The foundations of history are held hostage by the whims of our predecessors — how Herodotus felt about the Spartans two thousand and five hundred years ago determines what we know about them today. A mathematical fact is an unflinching cinderblock of provable truth; an historical fact is no more than mutually consensual quicksand. How can we even begin to build objective structures in a field where everything we know can be overturned by a botanist discovering a scrap of North American tobacco in the stomach of a mummified Egyptian king?
Gavrilo Princip, a Bosnian Serb and self-proclaimed Yugoslav Nationalist, was born on July 25, 1894. On June 28, 1914, he and five others set out to assassinate Archduke Franz Ferdinand of Austria in an attempt to revitalize the Serbian struggle for independence. The events that preceded the attack played out much like a black comedy of errors; each assassin was given a weapon and a position on the archduke’s motorcade route, and each in turn failed at their task.
So much of what we know about the past hangs on nothing more than a scribbled word or phrase. So much of it is invented — sometimes out of necessity, sometimes merely out of preference — that we may wonder if any of it is true at all. For what purpose, then, do we study it? If there is no objective truth at the end of the rainbow, why bother seeking it out?
The first and second assassins failed to act; the third threw a bomb. It was deflected by Franz Ferdinand and detonated on the car behind him, wounding several people. In desperation, the assassin swallowed a cyanide pill and sprang into a nearby river, hoping to kill himself before he could be captured — only to discover the pill was old and ineffective and the river was six inches deep. He was pulled out of the water and severely beaten.
History is about telling stories of the past. Just like any story, it must respect the truth — but even the best stories are never really true. The past occurs only once. Any attempt to revisit it is an exercise in creative storytelling. And just like any story, it tells us more about the author than the event itself.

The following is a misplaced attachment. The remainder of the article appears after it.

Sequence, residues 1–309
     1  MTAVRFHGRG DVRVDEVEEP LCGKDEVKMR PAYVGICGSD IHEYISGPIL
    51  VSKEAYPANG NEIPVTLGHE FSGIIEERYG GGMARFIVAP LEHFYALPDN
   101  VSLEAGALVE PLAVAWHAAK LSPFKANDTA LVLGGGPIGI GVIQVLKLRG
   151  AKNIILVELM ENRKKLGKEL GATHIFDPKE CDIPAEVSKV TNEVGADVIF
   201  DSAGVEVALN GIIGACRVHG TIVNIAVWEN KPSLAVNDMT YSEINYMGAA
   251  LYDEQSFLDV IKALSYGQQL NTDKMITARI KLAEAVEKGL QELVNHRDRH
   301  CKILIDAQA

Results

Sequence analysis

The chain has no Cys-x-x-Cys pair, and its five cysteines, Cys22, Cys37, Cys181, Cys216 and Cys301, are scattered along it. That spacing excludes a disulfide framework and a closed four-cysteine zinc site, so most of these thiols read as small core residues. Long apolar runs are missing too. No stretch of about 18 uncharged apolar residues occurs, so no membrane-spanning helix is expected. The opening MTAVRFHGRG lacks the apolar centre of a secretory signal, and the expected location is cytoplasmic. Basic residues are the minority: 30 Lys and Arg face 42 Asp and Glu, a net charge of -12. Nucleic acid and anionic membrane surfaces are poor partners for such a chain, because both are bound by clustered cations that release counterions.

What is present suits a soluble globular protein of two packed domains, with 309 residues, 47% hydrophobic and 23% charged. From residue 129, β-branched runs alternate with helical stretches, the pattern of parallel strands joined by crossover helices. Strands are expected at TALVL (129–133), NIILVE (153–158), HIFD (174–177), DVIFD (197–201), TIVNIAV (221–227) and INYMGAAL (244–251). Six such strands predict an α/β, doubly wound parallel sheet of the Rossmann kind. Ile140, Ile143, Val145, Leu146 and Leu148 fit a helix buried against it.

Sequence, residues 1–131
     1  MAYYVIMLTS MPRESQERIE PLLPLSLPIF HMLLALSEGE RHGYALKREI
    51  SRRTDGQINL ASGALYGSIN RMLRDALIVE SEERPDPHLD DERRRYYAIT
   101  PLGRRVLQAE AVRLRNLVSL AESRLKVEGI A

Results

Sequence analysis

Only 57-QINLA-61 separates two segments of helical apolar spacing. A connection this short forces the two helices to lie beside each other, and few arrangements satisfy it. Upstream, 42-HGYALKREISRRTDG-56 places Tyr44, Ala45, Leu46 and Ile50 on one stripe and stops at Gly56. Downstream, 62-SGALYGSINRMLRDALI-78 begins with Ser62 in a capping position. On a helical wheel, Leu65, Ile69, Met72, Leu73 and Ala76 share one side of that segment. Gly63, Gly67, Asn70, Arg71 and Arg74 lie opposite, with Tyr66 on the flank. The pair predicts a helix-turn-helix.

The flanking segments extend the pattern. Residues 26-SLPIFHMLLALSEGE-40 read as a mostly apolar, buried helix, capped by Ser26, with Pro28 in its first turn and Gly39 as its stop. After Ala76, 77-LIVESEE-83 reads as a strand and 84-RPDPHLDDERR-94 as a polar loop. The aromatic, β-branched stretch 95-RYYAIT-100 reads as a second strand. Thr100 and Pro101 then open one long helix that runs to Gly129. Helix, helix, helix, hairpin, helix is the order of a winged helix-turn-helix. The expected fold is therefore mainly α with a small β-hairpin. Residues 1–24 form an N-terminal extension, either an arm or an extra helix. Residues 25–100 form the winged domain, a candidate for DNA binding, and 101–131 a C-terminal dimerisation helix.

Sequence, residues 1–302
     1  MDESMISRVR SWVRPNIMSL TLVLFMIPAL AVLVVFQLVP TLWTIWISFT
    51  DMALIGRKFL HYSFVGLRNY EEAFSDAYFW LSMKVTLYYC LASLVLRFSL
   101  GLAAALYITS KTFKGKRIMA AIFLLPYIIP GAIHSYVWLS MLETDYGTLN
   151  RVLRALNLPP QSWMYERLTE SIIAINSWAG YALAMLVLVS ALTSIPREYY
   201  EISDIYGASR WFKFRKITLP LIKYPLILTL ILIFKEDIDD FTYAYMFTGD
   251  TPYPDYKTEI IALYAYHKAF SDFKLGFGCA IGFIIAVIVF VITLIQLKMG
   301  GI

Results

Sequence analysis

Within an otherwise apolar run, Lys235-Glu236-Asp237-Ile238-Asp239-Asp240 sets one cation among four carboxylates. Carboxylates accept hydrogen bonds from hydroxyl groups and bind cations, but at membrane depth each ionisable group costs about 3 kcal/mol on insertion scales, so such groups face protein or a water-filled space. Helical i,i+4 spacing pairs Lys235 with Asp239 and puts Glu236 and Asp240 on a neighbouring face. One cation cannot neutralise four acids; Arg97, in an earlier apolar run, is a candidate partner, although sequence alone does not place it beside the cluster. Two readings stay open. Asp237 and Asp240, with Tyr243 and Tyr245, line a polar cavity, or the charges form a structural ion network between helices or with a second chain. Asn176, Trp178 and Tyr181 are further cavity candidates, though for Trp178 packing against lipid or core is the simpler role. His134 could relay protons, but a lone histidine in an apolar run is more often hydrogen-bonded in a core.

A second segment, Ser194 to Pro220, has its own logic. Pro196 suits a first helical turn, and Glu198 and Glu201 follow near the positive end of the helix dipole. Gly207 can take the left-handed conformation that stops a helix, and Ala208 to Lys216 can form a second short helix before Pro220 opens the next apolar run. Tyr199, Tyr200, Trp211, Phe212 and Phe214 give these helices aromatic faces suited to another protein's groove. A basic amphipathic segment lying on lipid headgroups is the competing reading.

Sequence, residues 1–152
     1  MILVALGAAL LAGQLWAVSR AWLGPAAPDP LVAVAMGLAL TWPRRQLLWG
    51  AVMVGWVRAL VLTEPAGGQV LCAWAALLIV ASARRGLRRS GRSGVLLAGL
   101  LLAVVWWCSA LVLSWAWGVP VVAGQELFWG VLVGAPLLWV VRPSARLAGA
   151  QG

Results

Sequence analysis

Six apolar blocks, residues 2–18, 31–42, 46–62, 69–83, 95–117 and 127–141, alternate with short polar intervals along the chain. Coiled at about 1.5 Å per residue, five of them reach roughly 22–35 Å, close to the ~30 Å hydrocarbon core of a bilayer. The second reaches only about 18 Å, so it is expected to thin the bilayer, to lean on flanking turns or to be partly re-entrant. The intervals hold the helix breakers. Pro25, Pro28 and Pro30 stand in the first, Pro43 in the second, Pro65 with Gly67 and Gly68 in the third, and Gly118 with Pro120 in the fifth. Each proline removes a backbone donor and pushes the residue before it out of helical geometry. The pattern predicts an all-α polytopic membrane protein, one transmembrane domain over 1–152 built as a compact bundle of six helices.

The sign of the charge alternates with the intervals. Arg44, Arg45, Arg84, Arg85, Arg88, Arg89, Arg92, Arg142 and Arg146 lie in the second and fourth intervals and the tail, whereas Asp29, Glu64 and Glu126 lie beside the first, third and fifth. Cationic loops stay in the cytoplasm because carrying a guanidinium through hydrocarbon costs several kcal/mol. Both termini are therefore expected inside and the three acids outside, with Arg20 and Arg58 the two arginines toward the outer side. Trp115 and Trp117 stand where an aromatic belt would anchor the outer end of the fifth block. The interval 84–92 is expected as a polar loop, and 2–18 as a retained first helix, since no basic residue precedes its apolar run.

After learning of the failures of his cohorts, Gavrilo Princip reluctantly surrendered his high ambitions of regicide and set his goal slightly lower: finding a good restaurant. This brought him to a delicatessen known as Schiller’s, known throughout Sarajevo for its excellent ham sandwiches. He stepped inside and ordered that day’s special.
Steampunk is about revisiting the past with the knowledge of the present and reshaping it in a way that makes it pertinent and interesting to the now. It’s not historical revision, because it never claims to be “true” history in the first place; it’s history without history. More than an aesthetic, it allows us to discuss the now in the language of the then, expressing ideas that would otherwise be inexpressible.
Gavrilo finished his sandwich and stepped out of Schiller’s, only to find that the archduke’s motorcade was passing by at this very moment, traveling toward the hospital to visit those who had been injured in the first bombing attempt. Gathering his courage, Gavrilo ran forward and fired the opening shots of World War I. The economic disparities brought about by the Treaty of Versailles would lead inevitably to the Second World War. The oblivious architect of an era defined by conflict and genocide would be sentenced to twenty years imprisonment and die of tuberculosis in Theresienstadt, a place that would later serve as a Nazi concentration camp — and all because of a ham sandwich.
In the field of history, we cannot accuse a ham sandwich of defining the zeitgeist of an era; stodgy history professors shall descend upon us in a flurry of tut-tuts to rip our flimsy justifications to shreds. But in steampunk, it’s perfectly feasible — perhaps even likely. Because steampunk is fictitious by nature; it allows us to destroy history and rearrange its parts into a more fascinating and useful whole. Simply put, it lets us come closer to what history should be: interesting stories that tell us about who we are and from where we came.
So, World War I started over a ham sandwich. Who’s with me?
This story first appeared in Gatehouse Gazette 2 (September 2008), p. 4-5, with the headline “Of World Wars and Ham Sandwiches”.